“These corridors are an essential part of the fabric of Philadelphia…,” Mayor James Kenney said in announcing a community improvement program. “As the neighborhood business corridor goes, so goes the neighborhood…When the neighborhood business corridor is strong, it’s safer, there are more people working, there’s more of a community feel in the neighborhood.”
“Commercial corridors are the modern Main Streets of their communities – they represent growth of both economic and social capital,” said Maura Shenker, director of Temple University’s Small Business Development Center. “Collaboration is key.” In Mount Airy, Power Up graduates become leaders, taking on important roles in local business organizations.
Transportation is a growth industry in Philadelphia. According to a May 2018 report, Trade, transportation, and utilities added 8,000 jobs in the local area. If you’re a fledgling contractor or a novice in the construction business, the Construction management Certificate at Temple University can get you on the fast track to success.
We have a limited number of scholarships available!
From concrete pavers to landscapers, from heavy highway builders to drywallers – almost any type of construction business could qualify; what’s most important is your commitment and potential to succeed.
Construction management combines two of the most important industries in Philadelphia – building and business. According to Pennsylvania and U.S. government statistics, Construction Managers are one of the most in-demand and fastest-growing careers.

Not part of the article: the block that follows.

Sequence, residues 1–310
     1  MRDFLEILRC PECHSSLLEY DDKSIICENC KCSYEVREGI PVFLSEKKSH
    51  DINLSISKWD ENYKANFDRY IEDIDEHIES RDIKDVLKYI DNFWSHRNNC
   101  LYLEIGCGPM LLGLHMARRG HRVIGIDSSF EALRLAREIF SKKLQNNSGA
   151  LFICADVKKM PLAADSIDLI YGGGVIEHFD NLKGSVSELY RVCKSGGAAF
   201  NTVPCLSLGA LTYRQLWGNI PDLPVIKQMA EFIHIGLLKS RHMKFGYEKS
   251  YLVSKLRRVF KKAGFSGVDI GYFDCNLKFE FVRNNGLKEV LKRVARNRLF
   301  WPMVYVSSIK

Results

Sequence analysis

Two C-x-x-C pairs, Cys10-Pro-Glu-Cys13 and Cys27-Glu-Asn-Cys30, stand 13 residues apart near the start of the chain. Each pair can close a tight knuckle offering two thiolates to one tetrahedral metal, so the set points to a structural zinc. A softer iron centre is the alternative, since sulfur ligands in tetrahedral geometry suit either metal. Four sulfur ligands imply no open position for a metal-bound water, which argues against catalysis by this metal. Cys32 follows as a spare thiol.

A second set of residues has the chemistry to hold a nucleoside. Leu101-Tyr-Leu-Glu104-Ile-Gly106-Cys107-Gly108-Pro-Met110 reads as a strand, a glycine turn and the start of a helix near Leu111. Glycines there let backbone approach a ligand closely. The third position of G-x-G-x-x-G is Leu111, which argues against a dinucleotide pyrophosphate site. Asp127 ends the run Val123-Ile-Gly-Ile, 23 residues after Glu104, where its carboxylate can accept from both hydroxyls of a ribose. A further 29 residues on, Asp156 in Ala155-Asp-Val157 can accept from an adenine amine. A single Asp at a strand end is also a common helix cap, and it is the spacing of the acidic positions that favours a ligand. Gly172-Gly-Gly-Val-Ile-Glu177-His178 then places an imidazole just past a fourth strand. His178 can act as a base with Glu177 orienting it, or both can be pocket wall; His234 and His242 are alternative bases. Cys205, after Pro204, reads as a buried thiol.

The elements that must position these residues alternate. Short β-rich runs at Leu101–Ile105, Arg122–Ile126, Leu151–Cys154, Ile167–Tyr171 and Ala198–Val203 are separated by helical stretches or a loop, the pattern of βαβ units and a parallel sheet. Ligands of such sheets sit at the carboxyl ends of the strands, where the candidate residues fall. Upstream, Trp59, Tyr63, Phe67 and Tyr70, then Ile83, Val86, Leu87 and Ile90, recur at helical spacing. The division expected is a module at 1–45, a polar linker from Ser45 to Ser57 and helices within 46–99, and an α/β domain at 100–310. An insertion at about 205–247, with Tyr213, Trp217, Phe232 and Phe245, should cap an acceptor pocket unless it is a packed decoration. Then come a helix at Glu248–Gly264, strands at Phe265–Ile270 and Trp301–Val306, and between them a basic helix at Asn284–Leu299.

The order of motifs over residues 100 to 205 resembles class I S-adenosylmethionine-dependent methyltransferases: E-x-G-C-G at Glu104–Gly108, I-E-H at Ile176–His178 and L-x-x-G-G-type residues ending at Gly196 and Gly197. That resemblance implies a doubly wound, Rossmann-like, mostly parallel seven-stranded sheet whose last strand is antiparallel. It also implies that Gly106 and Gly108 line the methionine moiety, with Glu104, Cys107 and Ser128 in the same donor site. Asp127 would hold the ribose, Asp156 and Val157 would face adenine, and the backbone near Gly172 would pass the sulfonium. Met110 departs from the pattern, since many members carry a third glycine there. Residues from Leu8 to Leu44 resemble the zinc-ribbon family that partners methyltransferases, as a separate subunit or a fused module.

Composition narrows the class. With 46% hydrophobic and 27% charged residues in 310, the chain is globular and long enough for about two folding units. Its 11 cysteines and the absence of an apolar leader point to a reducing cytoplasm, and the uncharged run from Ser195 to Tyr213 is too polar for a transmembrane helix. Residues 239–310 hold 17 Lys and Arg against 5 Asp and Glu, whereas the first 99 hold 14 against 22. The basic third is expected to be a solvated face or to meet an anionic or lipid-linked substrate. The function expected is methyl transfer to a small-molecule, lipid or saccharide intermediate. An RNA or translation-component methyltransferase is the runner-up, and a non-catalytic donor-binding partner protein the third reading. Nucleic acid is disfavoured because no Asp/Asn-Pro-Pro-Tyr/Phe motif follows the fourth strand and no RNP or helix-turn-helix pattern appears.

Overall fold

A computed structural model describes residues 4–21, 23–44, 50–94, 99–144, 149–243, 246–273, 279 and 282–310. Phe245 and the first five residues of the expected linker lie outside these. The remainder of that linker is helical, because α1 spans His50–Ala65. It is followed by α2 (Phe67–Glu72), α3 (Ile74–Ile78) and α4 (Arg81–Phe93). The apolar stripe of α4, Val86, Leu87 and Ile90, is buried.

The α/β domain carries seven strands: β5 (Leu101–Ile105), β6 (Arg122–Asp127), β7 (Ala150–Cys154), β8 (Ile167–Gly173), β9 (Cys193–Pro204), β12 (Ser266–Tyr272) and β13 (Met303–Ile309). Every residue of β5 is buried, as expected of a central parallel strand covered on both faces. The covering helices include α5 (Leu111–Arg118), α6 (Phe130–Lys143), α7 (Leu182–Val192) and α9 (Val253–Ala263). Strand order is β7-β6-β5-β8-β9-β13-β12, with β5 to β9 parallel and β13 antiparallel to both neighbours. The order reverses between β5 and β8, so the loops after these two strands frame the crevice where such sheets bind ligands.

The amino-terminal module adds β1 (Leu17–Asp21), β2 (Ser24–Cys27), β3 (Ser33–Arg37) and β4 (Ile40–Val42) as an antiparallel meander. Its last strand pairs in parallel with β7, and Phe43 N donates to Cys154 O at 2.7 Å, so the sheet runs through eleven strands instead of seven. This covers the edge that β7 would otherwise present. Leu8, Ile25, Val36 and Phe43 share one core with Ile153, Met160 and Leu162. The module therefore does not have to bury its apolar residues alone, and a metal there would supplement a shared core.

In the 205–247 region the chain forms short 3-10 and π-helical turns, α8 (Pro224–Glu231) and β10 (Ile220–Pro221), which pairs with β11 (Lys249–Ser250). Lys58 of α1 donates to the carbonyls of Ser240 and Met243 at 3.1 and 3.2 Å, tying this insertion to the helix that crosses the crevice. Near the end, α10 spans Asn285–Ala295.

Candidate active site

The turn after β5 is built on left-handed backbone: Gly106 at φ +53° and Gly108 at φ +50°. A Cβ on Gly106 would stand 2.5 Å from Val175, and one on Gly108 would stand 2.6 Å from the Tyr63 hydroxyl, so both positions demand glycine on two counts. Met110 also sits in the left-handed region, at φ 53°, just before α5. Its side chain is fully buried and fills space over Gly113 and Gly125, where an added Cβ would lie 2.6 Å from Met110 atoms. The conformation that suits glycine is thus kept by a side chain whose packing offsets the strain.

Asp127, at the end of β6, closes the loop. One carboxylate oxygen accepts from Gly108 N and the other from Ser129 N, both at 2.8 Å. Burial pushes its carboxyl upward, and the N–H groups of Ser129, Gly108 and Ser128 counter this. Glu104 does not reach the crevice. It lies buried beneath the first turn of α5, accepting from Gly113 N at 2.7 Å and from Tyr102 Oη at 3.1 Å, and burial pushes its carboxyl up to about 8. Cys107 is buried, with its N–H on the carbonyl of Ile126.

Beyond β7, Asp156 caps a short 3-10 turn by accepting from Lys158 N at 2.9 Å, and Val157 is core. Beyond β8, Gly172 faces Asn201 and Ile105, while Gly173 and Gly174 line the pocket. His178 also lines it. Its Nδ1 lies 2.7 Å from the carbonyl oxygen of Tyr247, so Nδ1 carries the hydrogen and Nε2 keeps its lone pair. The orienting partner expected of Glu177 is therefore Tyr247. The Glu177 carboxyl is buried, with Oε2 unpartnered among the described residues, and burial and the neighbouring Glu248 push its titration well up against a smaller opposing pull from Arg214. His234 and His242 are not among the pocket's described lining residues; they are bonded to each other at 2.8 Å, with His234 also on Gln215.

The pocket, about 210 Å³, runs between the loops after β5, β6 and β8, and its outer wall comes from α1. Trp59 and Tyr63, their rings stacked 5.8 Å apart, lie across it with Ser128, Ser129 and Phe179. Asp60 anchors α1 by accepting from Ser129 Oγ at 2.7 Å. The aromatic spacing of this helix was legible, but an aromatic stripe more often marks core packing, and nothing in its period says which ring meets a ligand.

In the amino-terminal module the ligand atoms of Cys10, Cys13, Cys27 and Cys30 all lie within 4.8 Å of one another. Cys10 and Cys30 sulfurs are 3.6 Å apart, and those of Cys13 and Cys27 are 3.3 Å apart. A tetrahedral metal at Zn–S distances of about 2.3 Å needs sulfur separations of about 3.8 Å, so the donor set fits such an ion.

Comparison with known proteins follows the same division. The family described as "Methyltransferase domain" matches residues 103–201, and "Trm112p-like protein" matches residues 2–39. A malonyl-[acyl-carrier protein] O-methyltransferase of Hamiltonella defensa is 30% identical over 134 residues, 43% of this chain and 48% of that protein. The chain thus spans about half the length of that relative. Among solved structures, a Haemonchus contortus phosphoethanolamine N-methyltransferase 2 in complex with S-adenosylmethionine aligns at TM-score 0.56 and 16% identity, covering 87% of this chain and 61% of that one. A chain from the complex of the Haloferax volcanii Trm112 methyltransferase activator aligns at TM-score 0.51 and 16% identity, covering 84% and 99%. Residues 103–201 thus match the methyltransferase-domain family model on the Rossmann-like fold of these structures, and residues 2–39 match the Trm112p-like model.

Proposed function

Construction managers oversee the overall construction project. They act as an interface between the owners or architects and the construction workers. They take responsibility for the day-to-day work and report back on progress, costs, and issues. So if you’re a problem-solver able to prioritize and delegate tasks while effectively communicating with your team – you may have what it takes!
Our Construction Management Certificate (CMC) is an intensive 9-month program designed for existing and aspiring independent contractors who want to succeed in this $1 trillion industry. You get the tools you need to meet tighter project delivery times while learning to navigate the complex environment of regulatory and economic challenges. Temple University Small Business Development Center (TU SBDC) teaches you the specialized project management techniques you need to manage the planning, design, and construction of a project, from beginning (pre-design) to end (closeout). After completing the program you’ll be able to control a project’s time, cost, safety record, and quality – for all types of projects.